The benefits of inhaling hydrogen gas (H2) have been widely reported but its pharmacokinetics have not yet been sufficiently analyzed. We developed a new experimental system in pigs to closely evaluate the process by which H2 is absorbed in the lungs, enters the bloodstream, and is distributed, metabolized, and excreted. We inserted and secured catheters into the carotid artery (CA), portal vein (PV), and supra-hepatic inferior vena cava (IVC) to allow repeated blood sampling and performed bilateral thoracotomy to collapse the lungs. Then, using a hydrogen-absorbing alloy canister, we filled the lungs to the maximum inspiratory level with 100% H2. The pig was maintained for 30 seconds without resuming breathing, as if they were holding their breath. We collected blood from the three intravascular catheters after 0, 3, 10, 30, and 60 minutes and measured H2 concentration by gas chromatography. H2 concentration in the CA peaked immediately after breath holding; 3 min later, it dropped to 1/40 of the peak value. Peak H2 concentrations in the PV and IVC were 40% and 14% of that in the CA, respectively. However, H2 concentration decay in the PV and IVC (half-life: 310 s and 350 s, respectively) was slower than in the CA (half-life: 92 s). At 10 min, H2 concentration was significantly higher in venous blood than in arterial blood. At 60 min, H2 was detected in the portal blood at a concentration of 6.9–53 nL/mL higher than at steady state, and in the SVC 14–29 nL/mL higher than at steady state. In contrast, H2 concentration in the CA decreased to steady state levels. This is the first report showing that inhaled H2 is transported to the whole body by advection diffusion and metabolized dynamically.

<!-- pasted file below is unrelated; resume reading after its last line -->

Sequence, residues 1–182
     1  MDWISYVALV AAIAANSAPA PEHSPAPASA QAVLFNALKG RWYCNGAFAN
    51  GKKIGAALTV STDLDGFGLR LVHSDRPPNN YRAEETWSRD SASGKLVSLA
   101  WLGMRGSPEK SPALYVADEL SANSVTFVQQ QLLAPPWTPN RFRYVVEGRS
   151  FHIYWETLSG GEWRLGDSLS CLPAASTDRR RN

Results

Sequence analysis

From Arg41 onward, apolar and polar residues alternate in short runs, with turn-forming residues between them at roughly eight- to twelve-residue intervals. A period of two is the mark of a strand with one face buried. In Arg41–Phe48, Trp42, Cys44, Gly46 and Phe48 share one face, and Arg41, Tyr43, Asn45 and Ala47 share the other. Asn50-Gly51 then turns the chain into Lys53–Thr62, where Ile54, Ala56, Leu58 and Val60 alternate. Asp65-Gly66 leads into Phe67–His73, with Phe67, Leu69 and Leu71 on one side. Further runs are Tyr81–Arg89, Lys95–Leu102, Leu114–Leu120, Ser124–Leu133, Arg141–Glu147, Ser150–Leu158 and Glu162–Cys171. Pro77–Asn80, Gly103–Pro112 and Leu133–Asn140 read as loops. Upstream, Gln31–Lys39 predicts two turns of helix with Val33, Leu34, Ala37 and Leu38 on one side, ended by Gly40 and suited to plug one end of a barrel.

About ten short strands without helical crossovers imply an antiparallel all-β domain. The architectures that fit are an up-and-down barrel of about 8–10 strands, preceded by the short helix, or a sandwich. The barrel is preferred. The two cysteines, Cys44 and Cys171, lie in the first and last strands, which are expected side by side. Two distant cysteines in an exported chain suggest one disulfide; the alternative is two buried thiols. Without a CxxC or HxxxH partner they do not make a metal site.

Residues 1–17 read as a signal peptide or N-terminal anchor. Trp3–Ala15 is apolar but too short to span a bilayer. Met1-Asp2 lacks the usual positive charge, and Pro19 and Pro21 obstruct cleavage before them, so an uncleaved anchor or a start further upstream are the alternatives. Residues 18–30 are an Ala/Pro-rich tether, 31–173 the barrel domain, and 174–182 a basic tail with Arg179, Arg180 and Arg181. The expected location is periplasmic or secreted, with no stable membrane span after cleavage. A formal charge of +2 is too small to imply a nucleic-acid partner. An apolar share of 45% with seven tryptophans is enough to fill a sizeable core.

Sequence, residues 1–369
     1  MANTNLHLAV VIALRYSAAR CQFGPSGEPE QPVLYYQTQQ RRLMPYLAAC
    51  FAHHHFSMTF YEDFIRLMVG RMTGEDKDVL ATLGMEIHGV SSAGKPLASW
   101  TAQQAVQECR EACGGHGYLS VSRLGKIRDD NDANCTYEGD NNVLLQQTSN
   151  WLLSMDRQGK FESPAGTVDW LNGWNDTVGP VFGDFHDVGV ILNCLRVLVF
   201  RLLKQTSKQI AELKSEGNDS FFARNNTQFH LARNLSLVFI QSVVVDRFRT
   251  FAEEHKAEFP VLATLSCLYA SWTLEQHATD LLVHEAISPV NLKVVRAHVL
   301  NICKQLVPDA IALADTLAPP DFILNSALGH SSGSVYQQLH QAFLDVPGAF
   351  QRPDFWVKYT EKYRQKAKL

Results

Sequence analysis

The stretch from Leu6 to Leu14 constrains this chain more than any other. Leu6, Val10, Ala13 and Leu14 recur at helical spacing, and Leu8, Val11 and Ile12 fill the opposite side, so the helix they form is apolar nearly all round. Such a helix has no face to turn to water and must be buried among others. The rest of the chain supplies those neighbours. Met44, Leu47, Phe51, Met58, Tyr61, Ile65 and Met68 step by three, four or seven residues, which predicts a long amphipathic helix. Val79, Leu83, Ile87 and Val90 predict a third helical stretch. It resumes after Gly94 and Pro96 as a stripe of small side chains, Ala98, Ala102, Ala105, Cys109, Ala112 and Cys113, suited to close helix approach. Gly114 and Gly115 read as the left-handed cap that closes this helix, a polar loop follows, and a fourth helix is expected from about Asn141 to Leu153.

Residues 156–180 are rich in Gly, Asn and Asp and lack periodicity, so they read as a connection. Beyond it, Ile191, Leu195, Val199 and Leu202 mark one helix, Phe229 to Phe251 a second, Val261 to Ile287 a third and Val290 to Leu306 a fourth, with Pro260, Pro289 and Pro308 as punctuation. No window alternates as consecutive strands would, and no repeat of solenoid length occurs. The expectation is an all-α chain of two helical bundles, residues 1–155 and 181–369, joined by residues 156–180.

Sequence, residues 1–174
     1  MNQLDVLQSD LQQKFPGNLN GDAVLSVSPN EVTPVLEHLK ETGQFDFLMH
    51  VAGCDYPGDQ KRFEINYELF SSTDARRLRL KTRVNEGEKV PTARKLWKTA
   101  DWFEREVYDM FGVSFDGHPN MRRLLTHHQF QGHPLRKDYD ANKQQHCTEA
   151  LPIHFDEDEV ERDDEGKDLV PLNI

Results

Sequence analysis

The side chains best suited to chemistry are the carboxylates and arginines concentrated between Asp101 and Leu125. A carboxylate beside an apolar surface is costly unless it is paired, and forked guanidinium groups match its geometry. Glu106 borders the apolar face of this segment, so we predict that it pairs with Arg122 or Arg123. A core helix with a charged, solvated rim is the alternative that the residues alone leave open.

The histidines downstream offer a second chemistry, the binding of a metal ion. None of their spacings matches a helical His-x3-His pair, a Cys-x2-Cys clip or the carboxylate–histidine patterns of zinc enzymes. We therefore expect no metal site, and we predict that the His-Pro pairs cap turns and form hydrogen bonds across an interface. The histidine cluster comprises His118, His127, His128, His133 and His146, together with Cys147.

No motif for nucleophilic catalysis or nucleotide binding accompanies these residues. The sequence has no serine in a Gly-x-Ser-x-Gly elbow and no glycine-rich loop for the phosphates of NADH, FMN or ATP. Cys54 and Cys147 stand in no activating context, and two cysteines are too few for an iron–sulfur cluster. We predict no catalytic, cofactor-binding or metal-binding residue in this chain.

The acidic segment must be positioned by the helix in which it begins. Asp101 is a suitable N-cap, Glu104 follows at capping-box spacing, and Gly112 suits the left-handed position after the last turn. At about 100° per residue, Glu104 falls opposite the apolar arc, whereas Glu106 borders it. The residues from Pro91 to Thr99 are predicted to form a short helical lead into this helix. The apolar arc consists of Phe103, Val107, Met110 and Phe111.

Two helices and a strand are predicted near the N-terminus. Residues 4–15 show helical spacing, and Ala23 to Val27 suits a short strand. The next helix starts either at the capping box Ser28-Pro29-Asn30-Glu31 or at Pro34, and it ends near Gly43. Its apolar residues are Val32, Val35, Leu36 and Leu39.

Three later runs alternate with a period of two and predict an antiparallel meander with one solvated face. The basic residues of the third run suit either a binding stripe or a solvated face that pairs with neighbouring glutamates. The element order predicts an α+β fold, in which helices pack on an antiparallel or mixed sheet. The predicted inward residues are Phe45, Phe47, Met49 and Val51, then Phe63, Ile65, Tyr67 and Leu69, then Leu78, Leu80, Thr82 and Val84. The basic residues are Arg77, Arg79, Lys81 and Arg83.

ASJC Scopus subject areas
- Biochemistry, Genetics and Molecular Biology(all)
- Agricultural and Biological Sciences(all)